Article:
Леў Альпяровіч

Леў Альпяровіч

Выдавец: Беларусь
Памер: 83с.
Мінск 2014
17.21 МБ

 

Аўтаматычна згенераваная тэкставая версія, можа быць з памылкамі і не поўная.
The brightest moments in the life of the artist were connected with Odessa, where he lived after finishing his studies, and with countryside pleasures at a summer house of Y. Zhukhavitsky not far from Minsk and near Astrashytsky Garadok. As far as the dating of the composition Woman by the Sea (1905) and stylistically close to it works {Fisherman, Seated Man, Steamer at the Bank, Road Repair) goes, it was the happiest and the last visit of Alpyarovich to Odessa4.
These sketches are pierced with detached and blissful joy of life, when a person sees everything as if in a haze softening outlines of events and objects and the world around seems benevolent. The painting Woman by the Sea was
4 Pogroms started in Odessa on October 18, 1905. The martial law was imposed on the city and it lasted to the end of 1909.
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shown at several exhibitions, which is a sure sign of the artists attitude to it. The painting full of pale light and air depicts a serene lady playing with a cane with waves. Supposedly, the painting shows the artists wife. General romanticism of the painting paradoxically coexists with common precision of details.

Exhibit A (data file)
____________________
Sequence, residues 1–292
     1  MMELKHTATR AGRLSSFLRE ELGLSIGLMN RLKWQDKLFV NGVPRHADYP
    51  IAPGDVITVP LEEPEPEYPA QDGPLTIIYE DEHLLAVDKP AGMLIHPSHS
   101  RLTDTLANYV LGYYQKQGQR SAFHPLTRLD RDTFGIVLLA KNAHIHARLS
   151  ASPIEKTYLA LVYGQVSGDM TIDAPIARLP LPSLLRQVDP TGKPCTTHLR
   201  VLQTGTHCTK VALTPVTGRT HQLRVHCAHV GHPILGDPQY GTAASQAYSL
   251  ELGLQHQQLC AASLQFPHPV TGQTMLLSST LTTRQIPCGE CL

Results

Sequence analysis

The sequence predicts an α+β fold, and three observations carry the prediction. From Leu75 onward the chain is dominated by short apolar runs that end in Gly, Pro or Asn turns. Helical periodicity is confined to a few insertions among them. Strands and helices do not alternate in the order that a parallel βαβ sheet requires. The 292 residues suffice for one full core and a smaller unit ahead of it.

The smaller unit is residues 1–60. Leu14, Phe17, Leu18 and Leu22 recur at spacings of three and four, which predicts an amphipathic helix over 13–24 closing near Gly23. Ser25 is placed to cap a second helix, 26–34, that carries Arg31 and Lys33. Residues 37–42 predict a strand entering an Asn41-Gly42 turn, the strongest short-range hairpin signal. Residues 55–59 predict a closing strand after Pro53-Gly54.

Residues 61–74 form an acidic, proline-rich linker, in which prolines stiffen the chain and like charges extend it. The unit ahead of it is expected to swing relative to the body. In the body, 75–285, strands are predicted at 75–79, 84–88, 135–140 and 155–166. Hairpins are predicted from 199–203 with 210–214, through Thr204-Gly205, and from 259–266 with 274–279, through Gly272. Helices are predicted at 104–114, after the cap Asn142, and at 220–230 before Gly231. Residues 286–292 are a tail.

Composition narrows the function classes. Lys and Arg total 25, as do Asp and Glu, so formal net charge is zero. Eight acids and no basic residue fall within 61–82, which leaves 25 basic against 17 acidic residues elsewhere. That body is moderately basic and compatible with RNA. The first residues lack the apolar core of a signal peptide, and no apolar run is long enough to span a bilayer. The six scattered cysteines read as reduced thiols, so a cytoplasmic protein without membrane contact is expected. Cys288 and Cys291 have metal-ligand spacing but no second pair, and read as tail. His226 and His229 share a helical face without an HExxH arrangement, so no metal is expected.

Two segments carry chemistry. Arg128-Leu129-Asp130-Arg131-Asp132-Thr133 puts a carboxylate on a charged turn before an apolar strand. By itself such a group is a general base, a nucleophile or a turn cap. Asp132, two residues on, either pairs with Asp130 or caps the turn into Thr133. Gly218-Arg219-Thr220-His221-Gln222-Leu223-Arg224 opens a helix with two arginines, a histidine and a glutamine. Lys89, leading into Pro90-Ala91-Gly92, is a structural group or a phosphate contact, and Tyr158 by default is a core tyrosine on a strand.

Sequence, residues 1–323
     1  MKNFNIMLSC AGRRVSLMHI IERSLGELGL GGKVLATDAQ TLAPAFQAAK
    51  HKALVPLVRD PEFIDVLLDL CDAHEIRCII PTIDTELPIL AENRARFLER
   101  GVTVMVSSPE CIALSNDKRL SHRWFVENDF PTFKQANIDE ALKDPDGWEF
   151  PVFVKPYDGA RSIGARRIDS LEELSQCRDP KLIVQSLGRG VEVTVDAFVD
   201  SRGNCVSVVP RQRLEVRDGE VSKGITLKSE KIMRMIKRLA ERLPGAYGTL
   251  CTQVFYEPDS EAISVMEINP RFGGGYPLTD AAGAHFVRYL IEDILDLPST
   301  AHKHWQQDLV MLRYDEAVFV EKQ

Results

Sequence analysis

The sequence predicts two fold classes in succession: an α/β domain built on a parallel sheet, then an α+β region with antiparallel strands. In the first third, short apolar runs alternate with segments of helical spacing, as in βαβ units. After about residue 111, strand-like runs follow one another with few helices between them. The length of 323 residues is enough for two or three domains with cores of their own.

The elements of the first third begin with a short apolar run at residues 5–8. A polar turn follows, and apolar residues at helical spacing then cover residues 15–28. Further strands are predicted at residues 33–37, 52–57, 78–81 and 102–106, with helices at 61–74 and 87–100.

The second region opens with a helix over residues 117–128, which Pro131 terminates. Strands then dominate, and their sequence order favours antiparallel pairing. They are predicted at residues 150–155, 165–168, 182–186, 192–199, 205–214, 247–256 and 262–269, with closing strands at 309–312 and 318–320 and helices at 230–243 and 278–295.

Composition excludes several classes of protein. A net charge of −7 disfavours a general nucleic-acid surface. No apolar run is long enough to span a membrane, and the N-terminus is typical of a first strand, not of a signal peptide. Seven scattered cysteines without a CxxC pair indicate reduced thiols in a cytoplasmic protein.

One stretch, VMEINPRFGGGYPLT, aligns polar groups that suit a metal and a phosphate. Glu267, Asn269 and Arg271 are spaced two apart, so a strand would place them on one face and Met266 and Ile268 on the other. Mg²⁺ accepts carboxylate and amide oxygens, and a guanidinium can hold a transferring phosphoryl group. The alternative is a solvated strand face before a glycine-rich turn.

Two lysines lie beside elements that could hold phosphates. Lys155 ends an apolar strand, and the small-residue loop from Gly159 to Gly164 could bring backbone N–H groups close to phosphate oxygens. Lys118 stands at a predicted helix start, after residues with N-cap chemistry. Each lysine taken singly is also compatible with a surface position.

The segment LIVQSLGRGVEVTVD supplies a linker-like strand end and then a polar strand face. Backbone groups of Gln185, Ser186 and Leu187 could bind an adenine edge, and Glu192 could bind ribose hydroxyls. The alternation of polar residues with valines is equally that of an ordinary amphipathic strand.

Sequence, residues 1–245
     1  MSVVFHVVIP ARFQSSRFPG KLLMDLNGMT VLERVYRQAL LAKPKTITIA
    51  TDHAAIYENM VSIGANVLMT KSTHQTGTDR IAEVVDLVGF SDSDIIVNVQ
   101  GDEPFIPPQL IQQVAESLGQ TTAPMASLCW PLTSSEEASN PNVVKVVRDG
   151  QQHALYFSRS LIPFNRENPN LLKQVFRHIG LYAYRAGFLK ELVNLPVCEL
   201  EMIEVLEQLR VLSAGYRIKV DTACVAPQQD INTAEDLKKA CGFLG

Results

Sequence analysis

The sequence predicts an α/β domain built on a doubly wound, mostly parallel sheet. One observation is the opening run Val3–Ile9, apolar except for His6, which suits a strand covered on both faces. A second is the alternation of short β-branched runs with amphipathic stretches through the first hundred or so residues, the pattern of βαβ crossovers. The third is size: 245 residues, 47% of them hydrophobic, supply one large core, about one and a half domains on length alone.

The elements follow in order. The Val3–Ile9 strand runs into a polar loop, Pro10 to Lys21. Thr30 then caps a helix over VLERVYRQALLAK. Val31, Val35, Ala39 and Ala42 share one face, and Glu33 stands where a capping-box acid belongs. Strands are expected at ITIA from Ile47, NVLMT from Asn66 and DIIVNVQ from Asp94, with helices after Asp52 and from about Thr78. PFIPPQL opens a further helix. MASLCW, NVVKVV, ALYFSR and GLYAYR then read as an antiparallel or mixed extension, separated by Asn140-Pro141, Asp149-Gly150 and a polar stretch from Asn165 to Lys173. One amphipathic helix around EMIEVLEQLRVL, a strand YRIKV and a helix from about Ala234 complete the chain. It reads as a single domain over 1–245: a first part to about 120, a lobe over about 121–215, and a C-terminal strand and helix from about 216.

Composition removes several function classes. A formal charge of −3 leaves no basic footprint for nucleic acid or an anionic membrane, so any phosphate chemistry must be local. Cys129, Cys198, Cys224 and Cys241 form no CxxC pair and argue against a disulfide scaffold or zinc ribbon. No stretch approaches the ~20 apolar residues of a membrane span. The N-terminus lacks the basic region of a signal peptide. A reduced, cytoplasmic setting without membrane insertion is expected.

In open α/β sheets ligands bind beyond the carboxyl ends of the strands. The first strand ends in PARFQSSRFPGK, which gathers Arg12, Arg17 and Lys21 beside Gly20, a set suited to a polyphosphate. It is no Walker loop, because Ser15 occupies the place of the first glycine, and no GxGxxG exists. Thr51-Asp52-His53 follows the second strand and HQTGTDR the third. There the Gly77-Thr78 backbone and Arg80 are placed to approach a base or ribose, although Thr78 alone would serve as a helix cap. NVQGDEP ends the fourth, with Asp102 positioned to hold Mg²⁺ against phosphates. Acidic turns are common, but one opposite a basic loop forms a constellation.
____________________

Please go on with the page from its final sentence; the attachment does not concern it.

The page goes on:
Landscape, Autumn, Riverbank are first known to us landscape attempts of Alpyarovich. All of them were created in the first Minsk period, in the middle of the 1900s. They are characterized by contemplation, a rather narrative manner of painting, the blurred coloration and perception of Nature as the window to the soul. A full, fascinating and mysterious image is traced only in the landscape Riverbank. The author even marked it with an elaborated monogram which he used to mark his most precious works at a certain period.
Sketches At a Bench and At a Moonlit Night belong to early “countryside” genre compositions. The first one is similar to a naive photography and the second one impresses with a precisely depicted moonlight in spite of its “banal romanticism” in the plot.